• Ol Pejeta ranch: a refuge for chimpanzees. Although chimpanzees are not an indigenous species from Kenya, they are found in small groups in the rain forests of Tanzania and Uganda, as well as throughout Central and Western Africa. This center saves them from poaching and welcomes them on an island in the center of the ranch.
  • Nairobi: it’s one of the largest and most interesting cities in Africa, a metropolis that never seems to sleep, where it’s possible to meet people of all kind. Visit the museum and historic home of Karen Blixen, author of “My Africa”. Just outside the city ther’s the Nairobi National Park.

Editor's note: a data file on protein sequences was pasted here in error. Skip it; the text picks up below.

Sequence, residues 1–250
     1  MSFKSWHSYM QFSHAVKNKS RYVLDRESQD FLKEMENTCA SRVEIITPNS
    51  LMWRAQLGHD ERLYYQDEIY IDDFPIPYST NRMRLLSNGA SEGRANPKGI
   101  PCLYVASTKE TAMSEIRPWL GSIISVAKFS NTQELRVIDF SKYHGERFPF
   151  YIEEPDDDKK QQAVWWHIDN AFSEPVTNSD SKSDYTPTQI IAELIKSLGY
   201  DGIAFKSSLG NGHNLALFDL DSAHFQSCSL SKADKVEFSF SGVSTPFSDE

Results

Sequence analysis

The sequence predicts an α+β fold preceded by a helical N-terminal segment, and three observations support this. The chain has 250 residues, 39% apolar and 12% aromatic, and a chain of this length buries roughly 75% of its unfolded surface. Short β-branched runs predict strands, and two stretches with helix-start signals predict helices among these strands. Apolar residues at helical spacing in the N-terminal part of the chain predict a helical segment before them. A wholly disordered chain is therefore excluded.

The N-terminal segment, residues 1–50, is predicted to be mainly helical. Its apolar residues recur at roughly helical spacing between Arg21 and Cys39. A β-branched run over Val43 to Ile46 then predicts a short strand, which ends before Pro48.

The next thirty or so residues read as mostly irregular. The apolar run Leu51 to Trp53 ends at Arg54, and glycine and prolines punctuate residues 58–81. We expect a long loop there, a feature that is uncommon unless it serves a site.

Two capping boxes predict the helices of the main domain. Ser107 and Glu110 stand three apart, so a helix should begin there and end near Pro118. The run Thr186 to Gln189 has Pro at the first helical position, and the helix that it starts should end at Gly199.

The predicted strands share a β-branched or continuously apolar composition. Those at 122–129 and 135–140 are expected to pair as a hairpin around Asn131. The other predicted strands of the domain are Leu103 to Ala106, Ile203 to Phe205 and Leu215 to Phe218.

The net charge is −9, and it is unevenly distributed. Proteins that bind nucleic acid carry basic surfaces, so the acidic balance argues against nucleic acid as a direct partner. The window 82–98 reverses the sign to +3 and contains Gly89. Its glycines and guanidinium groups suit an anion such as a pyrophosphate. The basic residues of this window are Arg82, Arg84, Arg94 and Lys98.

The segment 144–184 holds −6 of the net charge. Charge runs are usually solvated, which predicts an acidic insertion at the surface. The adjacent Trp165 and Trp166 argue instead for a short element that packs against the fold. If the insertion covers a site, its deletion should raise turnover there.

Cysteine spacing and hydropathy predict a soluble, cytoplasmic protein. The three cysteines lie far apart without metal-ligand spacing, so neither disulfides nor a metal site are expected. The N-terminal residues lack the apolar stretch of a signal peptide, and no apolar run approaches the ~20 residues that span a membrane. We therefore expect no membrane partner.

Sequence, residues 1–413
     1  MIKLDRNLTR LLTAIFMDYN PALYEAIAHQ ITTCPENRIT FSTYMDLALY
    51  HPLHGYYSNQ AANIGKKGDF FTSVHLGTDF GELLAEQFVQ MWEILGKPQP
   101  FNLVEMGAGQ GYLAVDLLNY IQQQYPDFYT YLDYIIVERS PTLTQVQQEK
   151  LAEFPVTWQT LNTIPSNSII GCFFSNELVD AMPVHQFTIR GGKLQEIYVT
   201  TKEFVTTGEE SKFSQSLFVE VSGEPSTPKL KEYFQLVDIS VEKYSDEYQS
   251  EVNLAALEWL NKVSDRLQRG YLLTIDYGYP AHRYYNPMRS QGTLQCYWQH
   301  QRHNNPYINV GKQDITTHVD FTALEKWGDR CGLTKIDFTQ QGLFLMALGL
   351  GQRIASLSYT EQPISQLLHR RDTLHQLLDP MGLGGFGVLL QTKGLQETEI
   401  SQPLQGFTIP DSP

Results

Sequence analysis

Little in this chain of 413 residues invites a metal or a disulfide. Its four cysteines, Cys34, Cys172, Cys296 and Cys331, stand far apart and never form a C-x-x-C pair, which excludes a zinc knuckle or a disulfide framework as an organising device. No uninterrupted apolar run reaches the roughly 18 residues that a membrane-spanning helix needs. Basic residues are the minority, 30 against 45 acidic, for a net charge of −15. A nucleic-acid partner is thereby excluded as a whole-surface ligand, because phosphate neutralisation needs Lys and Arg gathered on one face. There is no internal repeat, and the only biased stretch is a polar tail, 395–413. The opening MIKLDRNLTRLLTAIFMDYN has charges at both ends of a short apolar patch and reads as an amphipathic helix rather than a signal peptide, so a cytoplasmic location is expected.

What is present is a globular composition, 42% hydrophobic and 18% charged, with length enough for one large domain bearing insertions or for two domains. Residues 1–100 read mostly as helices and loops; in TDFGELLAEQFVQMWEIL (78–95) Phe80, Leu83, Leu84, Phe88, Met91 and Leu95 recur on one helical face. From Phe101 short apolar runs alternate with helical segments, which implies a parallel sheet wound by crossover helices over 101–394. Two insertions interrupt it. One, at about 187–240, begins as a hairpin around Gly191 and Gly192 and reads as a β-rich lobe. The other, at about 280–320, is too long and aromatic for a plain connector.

• Mombasa: it’s a port and commercial city with a cosmopolitan charm where the link with its history remains very strong. It’s located on an island connected to the mainland by bridges and ferries. The real center of Mombasa is the exotic old town, characterized by narrow winding streets and arabesque architecture. Be sure to explore the turrets, battlements and buildings inside the walls of Fort Jesus (Unesco heritage), built to protect the port of Mombasa
  • Kisumu: it’s a quiet port city located on the shores of Lake Victoria, with wide streets and elegant colonial architecture. Visit the splendid museum and open market, one of the largest in Kenya. About one kilometer away is the “impala sanctuary”, a refuge for animals that need special protection, such as impala, zebras that live free in the sanctuary. Inside there is also an orphanage for lions, leopards, cheetahs, baboons, hyenas, jackals, some species of antelopes and buffaloes. South of the city of Kisumu, you can visit some fishing villages on Lake Victoria